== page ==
Opacity, Complexity, and Self Regulation in Investment Banking

Morrison, Alan and Wilhelm, William (2015) Opacity, Complexity, and Self Regulation in Investment Banking. George Washington Law Review (83). pp. 1-22.

Abstract

We discuss the role of professional standards in investment banking in light of Professor Tuch’s wide-ranging and thought-provoking analysis. Professor Tuch identifies an ethical role for regulation, and suggests that professional examinations should instill ethical standards into investment bankers. We have a good deal of sympathy for this position. Nevertheless, Professor Tuch’s conclusions are contestable. Our analysis hinges upon a discussion of the origins of professional standards in investment banking. We suggest that many standards evolved as responses to complex commitment problems in situations where contract was ineffective. It follows immediately that professional standards naturally change as contracting technologies improve. Regulations that preserve standards that no longer serve an economic purpose therefore come at a cost, which must be justified using another normative criterion. We argue that more foundational work is required before clear moral criteria can be established. In particular, regulations that seek to constrain the choices that bankers and their clients make must justify their interference with the moral good of personal autonomy.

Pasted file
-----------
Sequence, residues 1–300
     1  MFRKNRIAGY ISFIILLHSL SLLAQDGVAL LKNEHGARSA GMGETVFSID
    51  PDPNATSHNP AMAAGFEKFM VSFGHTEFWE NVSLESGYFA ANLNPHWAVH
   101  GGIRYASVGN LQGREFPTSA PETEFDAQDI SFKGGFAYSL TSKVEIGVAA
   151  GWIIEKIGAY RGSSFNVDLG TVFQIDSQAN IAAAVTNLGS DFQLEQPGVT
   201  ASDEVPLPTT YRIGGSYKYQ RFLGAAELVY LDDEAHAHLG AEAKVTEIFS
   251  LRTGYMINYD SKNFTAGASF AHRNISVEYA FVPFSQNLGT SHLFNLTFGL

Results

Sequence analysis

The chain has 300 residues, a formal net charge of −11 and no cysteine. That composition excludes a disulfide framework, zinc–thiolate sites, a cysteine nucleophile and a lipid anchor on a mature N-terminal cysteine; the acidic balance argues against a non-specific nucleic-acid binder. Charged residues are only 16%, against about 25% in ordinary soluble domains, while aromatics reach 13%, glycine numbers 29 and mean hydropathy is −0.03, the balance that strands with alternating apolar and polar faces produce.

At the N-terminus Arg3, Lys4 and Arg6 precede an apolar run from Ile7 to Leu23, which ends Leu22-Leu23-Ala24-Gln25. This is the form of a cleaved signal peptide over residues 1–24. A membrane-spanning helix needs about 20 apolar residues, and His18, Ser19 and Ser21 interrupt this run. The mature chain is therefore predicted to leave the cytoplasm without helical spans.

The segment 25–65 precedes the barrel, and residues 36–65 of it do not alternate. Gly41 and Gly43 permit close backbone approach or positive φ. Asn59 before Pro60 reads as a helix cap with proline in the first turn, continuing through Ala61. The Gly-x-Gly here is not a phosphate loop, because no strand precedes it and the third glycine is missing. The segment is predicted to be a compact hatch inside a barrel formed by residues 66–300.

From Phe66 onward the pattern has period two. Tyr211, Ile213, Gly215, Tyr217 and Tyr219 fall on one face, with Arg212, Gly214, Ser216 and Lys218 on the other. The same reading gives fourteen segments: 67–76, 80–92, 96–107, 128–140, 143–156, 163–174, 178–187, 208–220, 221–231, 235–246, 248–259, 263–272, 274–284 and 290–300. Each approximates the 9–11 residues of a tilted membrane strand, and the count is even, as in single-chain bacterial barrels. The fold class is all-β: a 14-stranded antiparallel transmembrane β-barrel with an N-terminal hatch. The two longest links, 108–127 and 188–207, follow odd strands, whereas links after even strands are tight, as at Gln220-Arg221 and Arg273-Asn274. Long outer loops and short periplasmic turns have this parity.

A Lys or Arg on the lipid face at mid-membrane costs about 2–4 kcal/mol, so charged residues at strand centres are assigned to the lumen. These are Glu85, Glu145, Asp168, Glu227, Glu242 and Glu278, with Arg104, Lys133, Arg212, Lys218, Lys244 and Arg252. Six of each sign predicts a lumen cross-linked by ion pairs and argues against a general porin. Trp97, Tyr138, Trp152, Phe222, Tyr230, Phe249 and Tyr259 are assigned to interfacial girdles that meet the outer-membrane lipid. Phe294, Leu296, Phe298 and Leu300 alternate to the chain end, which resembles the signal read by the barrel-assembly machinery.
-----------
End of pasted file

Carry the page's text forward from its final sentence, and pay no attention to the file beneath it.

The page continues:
Item Type: Article
Keywords: finance, law and finance
Subject(s): Finance
Law and finance
Date Deposited: 07 Jun 2017 12:57
Last Modified: 07 Jun 2017 12:57
Funders: not applicable
URI: http://eureka.sbs.ox.ac.uk/id/eprint/6374

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